The First Time I Read Harry Potter To You

Monica Stevens-Kirby

It was a night I tucked you in, 

pink and soft, 

from your bath: 

lavender soap and a warm water rinse.

Your eyes, like planets, little Neptunes, 

swirling, round a solar system, 

captive of my face; 

looks we saved to tell each other; 

a hook to hang our secret secrets: 

silly words, 

sharing whispers, 

and I stood at the window to catch your dreams.

Mothers and daughters, 

soaking up tempers, 

flared by suns, 

fading out of 

upright outlines, 

forgotten now, 

flattened now, 

into rest and respite, now.

In easy form, 

your body gave 

to cool, crisp sheets: 

purple ponies. 

Your pillow melted 

with still-damp hair. 


At sundown, I threaded my arm 

around your neck, 

gone limp, and

settling with the hush of dusk.

The moon was high, 

but not yet full. 

I saw one star and made a wish.

A story of a wizard boy, 

his loyal friends, 

who hovered there, 

like the mobile from your infant nights: 


pulling our eyes, 

half-moons still, 

backlit by a galaxy, 

all ours for now, 

to grab or stare,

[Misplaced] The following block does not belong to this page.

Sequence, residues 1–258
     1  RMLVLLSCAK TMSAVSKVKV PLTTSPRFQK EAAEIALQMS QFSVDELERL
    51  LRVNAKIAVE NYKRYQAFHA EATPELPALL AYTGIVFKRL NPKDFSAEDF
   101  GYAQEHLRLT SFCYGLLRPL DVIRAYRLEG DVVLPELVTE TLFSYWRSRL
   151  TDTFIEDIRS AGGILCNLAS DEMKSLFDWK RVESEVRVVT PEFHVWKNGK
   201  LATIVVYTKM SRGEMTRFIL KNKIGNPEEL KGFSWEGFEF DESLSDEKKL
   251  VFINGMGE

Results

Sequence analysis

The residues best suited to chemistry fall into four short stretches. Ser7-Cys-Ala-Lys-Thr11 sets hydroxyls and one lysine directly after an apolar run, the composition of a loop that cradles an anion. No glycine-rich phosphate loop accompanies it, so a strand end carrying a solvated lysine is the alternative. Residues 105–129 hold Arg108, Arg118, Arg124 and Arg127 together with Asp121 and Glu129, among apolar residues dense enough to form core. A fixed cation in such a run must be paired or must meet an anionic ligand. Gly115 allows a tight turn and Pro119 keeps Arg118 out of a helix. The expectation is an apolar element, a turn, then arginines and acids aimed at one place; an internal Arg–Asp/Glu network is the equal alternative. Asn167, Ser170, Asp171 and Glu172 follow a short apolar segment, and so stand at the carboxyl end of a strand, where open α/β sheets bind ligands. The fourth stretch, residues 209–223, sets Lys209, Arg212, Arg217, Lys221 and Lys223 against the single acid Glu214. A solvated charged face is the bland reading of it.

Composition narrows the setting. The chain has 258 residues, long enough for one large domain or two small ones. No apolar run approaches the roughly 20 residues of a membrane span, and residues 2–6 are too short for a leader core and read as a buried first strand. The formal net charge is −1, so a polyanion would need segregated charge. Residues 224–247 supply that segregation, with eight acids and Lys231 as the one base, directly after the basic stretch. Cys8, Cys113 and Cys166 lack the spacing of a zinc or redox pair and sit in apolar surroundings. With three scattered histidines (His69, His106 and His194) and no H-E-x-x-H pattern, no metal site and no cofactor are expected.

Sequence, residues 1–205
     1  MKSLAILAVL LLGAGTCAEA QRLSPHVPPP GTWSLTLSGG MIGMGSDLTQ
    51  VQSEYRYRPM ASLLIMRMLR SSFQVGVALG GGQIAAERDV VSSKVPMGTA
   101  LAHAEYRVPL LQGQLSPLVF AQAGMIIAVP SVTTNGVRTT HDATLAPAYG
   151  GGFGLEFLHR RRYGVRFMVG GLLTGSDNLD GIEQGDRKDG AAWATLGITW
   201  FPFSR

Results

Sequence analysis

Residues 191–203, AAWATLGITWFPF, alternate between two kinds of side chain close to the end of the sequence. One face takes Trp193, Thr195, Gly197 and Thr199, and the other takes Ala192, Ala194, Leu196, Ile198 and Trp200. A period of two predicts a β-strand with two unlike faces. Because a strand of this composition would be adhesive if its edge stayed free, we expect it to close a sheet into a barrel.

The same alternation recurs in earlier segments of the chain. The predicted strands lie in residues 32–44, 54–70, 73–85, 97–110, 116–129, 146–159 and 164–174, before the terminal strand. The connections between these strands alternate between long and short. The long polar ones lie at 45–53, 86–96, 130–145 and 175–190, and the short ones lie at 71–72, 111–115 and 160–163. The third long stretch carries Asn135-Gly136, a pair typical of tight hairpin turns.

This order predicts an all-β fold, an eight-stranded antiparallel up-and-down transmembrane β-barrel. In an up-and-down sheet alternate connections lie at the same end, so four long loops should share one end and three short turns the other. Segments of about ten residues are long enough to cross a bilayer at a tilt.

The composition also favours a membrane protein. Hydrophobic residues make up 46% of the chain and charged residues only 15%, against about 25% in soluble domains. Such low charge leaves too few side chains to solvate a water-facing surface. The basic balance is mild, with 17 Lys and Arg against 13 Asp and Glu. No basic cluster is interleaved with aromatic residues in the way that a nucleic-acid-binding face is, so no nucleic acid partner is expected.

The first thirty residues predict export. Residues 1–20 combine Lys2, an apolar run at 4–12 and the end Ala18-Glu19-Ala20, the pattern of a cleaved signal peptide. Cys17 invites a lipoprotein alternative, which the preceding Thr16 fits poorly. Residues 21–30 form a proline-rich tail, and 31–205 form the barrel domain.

to keep or stash in 

blanket forts, 

with books 

and stories 

(and flashlights.)

Transfixed, we were and hoped to be.

It wrapped us in a mist so sweet; 

so plain, it was that weaved us in; 

it was the loom that knit our hearts, 

happy cat and silver cradle, 

strings so tight and yoked-soft yarn, 

invisible cloak of quilted love and 

smells and memory.

It was ordinary, and it was magic: 

our balm of treatment trusted, true.

Your eyes, like planets, dripped to stars, 

sped up time and slowed me down, 

fast-falling through the atmosphere and 

freeing what I could not see; 

the faraway light I stopped to notice, 

lightyears after, 

when it reached me.

Monica Stevens-Kirby is a writer and artist from Georgia, where she practices psychotherapy and teaches at the University level. Her writing is published in various literary presses and academic journals. Monica finds combining images and words appealing. The notion of poems as paintings and vice versa tend to be her most thoughtful works.